Essentially, the message of the story is that the creation of a personal identity is a difficult and complicated process, regardless of age. This is shown clearly through the character of Laurie, a young child who begins kindergarten. Jackson argues that this is a very important time for Laurie because it affects his development as an individual. She makes this clear in the first paragraph when she describes the physical changes he undergoes: he starts to swagger, for example, and no longer waves goodbye to his mother.
Laurie's creation of an alter-ego called Charles comes as a great surprise to his mother and, in fact, provides the final plot twist. But it also shows that there are important mental and emotional changes in Laurie's development which mirror the physical changes that he has experienced. For the first time, he is testing boundaries, as shown by his various antics in class, and learning that his actions have consequences, as demonstrated by his various punishments.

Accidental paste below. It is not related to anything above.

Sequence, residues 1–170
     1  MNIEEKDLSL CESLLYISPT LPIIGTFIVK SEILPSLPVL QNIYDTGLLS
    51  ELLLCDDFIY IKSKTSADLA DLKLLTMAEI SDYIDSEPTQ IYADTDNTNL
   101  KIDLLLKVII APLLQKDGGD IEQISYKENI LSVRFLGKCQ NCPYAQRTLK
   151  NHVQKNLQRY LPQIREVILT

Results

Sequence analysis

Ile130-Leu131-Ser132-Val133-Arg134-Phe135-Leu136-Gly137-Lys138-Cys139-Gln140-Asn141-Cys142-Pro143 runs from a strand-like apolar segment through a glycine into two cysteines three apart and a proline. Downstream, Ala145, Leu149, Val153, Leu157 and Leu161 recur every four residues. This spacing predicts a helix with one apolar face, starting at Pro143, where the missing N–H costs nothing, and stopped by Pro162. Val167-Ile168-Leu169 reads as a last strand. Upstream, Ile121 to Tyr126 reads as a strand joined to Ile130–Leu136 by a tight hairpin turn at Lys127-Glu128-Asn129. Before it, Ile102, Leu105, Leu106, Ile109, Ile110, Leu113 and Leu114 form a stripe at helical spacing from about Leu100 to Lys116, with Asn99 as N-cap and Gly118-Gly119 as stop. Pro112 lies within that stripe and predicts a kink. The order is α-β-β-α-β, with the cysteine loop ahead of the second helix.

That Jackson offers no explanation for Laurie's actions suggests that she believes them to be a natural part of growing up. For her, forming a sense of identity is a complicated process which parents and teachers just have to accept.